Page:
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Self-love VS Pride

A friend recently posed a question about the difference between self-love and pride, particularly in the context of ending a relationship. It's a fine line, but an essential one to grasp.


Self-love means accepting and appreciating yourself completely, including your strengths, perceived weaknesses, and imperfections. It requires a willingness to expose our vulnerabilities, acknowledge our flaws, and take responsibility for our inner peace and well-being. This also involves recognizing our own detrimental or toxic behaviors and being compassionate enough to ourselves to overcome them without harsh self-judgment.


Pride, on the other hand, can manifest as an inflated sense of self-importance and an excessive focus on personal achievements. The statement "I deserve a better partner than him/her" actually stems from pride as well, as it implies the inferiority of the other party. While this mindset can be motivating, it can also blind us to our own shortcomings and impede our ability to learn from others.


The concept of 'deserving' arises from the belief that one must accomplish something to be worthy of certain things. However, understanding the interconnectedness of all beings entails recognizing that inherent worthiness is shared by all.


So how do you know that you’re ending a relationship out of genuine love for yourself and not because of your ego?


It’s self-love if it's about prioritizing your peace and recognizing that the relationship no longer serves you. Genuinely loving yourself requires significant inner work, but when approached correctly, it generates a magnetic energy that naturally attracts those aligned with love and repels those who are not. By loving yourself, you come to realize that any hurt inflicted upon you by another person stems from their own unresolved issues. When this realization occurs, it becomes evident that the relationship no longer aligns with your energetic field, leading to the decision to end it. You genuinely wish the person well and proceed to focus on yourself.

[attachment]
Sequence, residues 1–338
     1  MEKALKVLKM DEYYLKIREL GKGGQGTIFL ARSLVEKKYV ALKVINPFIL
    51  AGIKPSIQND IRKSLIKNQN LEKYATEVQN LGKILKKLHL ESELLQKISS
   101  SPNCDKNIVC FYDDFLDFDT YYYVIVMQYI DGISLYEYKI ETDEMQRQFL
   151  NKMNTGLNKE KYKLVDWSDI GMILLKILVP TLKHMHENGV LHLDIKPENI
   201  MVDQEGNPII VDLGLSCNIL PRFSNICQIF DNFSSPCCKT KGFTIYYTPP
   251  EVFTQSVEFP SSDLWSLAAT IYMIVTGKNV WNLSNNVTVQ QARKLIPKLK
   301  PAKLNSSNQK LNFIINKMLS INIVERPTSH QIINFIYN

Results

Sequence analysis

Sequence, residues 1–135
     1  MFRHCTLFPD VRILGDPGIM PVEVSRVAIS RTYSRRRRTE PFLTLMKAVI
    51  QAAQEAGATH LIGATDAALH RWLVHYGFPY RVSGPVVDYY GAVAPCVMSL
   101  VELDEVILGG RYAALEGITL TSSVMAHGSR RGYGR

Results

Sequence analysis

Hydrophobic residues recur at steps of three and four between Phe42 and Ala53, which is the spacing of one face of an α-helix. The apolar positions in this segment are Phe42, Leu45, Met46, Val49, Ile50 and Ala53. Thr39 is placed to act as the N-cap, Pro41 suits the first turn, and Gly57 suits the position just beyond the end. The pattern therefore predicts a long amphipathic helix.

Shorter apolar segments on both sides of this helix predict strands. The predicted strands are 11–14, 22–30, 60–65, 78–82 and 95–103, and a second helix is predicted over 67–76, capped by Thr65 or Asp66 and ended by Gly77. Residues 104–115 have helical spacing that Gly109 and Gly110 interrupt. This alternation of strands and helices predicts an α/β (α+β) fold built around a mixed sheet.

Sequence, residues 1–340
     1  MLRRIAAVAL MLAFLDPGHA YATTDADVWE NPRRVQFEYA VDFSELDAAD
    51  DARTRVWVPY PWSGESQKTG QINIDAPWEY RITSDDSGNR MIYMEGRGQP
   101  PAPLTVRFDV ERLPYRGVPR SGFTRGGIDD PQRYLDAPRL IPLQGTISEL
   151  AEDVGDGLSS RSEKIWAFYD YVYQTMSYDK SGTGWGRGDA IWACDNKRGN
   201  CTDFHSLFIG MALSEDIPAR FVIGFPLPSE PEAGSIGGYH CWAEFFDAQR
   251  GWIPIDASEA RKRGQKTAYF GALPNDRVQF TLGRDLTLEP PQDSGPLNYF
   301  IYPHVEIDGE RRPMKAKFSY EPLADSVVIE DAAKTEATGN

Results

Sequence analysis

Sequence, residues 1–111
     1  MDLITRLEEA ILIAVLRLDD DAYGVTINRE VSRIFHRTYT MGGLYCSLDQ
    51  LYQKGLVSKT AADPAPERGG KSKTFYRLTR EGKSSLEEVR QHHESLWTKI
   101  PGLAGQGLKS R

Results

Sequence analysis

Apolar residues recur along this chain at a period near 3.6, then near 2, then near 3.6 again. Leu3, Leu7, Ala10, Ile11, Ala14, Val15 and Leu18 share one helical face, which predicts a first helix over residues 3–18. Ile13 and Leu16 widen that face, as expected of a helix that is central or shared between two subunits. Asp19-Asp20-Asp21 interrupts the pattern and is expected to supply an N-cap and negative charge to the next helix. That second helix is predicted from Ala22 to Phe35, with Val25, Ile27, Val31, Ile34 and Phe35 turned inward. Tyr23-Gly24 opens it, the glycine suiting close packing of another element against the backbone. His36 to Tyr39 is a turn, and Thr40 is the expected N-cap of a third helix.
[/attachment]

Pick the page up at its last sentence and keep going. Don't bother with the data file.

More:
However, leaving out of egoistical pride is primarily about proving something to yourself or others, seeking validation, or maintaining a certain image. If the intention is to one-up the other person or to 'show them what they're missing,' then it stems from pride. In this case, the focus, even if you may be unaware of it, still remains on the other person.


Pride makes you believe that you’re better than them and that you deserve better treatment because of perceived exceptionalism. On the other hand, self-love recognizes each person’s inherent worth and honors our individual journeys.


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No matter how perfect a facade we present to the world, deep within us lies a tender place in need of healing. It is in embracing our wounds that we find true strength. ♡

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